The Birds and the "Bees" of Mangos...

As a member of the Angiosperms, the mango exhibits some unique characteristics in regards to reproduction.  Here is a summary of the process each plant must undergo to produce offspring!
A mango tree must first be able to be pollinated, therefore it needs to bear flowers.  Typically, mango trees are pollinated via wind, flies, butterflies, and moths.  A unique characteristic of this organism is that mango trees are rarely pollinated by bees, such as
 the European Honey Bee.  This is believed to be the case as many other plants are also producing flowers at the same time mango trees do and the bees are more attracted to other plants.  Mango plants can also self pollinate as they are monoecious, meaning male and female reproductive organs are found on the same plant.  These reproductive organs are found in the flowers of the plant.  Depending on the region, a single mango plant varies in the composition of male to hermaphroditic flowers as well as month of flower production.  Most mango varieties produce 25% male flowers and the remaining 75% are hermaphroditic.  Depending on the region, plants can flower anywhere from December to March.  

Once pollinated, a fruit can begin to develop on the plant.  Mangos produce drupe-like fruit, meaning a single seed is encased in a leathery coating.  The fruit produced varies greatly with the different locations and cultivars of mangos.  The skin can range from a yellow-green color to a red and the flesh can taste sweet to acidic and fibrous.  Within approximately 150 days after pollination, the mango fruit is formed as a protection around the all important seed.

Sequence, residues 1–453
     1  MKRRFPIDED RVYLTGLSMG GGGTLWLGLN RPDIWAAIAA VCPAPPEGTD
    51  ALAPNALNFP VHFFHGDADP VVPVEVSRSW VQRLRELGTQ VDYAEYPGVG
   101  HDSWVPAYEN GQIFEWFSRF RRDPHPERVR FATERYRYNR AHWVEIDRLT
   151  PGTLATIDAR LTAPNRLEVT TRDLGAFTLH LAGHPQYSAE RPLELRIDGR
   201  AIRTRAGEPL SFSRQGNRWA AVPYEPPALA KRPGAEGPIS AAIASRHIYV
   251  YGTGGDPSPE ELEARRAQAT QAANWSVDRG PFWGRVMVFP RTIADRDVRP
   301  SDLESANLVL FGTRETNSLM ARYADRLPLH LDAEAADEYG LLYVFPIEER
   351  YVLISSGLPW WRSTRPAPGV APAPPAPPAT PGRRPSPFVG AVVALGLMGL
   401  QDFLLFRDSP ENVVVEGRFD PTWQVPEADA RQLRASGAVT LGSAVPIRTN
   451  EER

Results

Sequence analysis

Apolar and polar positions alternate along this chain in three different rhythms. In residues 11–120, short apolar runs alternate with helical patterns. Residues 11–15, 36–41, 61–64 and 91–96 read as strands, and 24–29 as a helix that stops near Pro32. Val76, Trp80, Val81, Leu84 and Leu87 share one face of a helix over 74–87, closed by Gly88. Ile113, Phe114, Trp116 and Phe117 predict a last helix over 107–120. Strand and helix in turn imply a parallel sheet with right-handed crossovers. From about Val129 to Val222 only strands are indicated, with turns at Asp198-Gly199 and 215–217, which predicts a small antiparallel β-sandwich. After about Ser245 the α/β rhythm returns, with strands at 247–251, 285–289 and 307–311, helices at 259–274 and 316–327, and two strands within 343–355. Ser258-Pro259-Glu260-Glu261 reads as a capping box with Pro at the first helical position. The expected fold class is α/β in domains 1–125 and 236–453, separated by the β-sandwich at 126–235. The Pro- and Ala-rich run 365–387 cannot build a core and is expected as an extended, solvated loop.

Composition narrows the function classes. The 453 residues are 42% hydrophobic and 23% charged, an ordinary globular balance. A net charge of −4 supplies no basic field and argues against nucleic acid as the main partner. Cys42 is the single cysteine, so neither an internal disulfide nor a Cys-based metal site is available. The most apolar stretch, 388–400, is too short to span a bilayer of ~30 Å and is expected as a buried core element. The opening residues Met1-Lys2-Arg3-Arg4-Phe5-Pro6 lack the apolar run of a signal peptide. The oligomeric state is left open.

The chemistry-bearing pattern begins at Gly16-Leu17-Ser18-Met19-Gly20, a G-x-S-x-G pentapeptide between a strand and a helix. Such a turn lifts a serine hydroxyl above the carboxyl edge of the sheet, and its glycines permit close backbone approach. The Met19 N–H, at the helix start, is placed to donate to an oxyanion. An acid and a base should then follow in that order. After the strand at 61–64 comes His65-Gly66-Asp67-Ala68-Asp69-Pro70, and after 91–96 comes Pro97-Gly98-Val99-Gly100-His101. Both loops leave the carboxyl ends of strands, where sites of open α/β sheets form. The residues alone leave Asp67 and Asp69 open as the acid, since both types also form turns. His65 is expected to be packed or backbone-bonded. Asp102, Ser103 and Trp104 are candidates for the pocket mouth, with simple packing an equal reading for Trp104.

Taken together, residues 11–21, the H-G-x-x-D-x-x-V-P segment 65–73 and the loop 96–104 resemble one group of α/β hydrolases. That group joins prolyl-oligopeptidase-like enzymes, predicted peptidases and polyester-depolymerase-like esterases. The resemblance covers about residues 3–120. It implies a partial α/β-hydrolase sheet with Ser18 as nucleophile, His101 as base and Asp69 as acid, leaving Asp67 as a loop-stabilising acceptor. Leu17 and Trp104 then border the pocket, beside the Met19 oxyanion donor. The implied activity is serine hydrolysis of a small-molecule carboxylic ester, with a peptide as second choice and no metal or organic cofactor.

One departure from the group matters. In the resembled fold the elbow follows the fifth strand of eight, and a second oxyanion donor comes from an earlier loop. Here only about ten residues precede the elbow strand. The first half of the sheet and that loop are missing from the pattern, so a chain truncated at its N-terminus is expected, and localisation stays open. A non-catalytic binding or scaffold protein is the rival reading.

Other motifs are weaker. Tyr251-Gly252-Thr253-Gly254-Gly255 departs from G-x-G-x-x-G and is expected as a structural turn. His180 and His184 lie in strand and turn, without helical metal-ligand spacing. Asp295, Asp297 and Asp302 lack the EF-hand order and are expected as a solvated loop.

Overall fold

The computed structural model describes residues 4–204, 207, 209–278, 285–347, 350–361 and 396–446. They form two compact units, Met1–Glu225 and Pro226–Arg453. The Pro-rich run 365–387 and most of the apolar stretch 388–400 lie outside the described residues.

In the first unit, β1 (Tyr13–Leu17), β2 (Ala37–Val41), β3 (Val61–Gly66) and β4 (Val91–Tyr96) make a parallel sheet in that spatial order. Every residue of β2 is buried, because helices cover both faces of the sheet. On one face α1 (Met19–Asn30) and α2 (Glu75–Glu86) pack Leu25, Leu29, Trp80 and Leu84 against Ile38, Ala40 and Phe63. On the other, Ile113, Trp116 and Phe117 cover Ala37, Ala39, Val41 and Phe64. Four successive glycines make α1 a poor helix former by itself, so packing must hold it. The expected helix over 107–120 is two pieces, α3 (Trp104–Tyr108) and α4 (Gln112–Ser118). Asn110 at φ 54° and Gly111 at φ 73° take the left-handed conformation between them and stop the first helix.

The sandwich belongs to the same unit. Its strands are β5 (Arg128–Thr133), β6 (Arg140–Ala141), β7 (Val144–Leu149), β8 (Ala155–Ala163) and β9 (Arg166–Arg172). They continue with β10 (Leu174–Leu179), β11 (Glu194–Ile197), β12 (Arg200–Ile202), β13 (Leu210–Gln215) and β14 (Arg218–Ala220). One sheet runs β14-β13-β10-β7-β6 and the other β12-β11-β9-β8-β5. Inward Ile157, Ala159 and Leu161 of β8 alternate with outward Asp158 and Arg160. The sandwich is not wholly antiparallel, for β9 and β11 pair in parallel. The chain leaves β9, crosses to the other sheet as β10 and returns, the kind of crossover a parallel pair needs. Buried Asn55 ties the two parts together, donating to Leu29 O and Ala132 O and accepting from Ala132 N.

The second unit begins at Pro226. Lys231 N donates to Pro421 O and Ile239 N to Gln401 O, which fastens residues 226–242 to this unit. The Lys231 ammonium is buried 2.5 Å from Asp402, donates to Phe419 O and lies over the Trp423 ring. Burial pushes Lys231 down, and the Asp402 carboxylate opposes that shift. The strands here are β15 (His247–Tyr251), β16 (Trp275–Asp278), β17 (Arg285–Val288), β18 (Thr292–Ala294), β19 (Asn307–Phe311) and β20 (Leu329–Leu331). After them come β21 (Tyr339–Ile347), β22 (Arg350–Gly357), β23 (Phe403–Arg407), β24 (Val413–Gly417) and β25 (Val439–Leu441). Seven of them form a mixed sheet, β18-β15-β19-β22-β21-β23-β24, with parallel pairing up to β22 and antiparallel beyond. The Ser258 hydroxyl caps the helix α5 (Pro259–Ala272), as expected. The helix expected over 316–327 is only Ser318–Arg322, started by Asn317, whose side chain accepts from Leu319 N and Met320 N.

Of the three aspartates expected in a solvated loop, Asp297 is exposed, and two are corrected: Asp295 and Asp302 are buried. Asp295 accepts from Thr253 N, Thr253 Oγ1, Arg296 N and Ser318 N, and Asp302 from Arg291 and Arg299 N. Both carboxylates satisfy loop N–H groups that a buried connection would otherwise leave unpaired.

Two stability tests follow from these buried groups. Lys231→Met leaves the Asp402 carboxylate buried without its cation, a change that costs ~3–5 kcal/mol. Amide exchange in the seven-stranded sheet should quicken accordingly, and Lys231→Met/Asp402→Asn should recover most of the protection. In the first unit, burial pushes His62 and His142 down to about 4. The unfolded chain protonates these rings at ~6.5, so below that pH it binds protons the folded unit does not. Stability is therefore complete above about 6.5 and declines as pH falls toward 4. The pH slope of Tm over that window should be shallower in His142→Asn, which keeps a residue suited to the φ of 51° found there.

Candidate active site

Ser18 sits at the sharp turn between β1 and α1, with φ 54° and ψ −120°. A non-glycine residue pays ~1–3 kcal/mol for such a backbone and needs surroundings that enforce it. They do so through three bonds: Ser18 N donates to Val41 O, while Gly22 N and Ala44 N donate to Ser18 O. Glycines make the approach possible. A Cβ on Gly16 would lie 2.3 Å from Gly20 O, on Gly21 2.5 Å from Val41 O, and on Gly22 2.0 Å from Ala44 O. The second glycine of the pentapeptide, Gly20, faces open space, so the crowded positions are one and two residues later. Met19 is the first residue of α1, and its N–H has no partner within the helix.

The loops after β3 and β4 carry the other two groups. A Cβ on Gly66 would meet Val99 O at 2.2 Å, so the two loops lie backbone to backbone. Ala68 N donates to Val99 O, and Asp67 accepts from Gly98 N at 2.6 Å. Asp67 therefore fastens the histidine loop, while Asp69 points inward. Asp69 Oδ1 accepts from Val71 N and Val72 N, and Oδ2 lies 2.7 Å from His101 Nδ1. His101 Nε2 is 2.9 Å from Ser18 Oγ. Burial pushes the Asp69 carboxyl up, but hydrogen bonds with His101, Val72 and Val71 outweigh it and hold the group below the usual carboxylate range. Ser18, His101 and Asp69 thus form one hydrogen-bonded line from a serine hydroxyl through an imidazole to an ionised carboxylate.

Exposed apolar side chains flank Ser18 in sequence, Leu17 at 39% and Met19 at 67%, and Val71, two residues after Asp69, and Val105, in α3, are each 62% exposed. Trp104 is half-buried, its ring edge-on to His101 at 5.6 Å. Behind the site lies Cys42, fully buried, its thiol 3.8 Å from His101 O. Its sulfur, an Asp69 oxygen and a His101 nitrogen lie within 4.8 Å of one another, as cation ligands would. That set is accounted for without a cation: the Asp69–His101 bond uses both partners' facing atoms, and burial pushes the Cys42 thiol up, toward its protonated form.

To continue this process, some means of seed dispersal must take place.  Often, animals will ingest the fruit for nutrition and later expel the seed.  If the seed is lucky (conditions for seed growth are met) the seed may germinate in 2-4 weeks and produce a new mango tree!  Within 3-6 years, the tree will be able to bear fruit.  Trees that are younger than 10 years can produce fruit yearly.  After this benchmark, mango trees typically produce fruit biannually.

All angiosperms, including the mango, display an alternation of generations.  This process includes a multicellular haploid and diploid phase, unlike animals which possess only a multicellular diploid phase.  In addition, all angiosperms also exhibit double fertilization.  This process is much more complex than the fertilization seen in most other plants and provides immediate nutrition for the developing egg. Above is a generalized version of the lifecycle of an angiosperm.  Be sure to recognize that both the haploid and diploid stages are multicellular.

Besides the insects involved in pollination, many other organisms closely react with the mango.  Check out these
interactions or return home!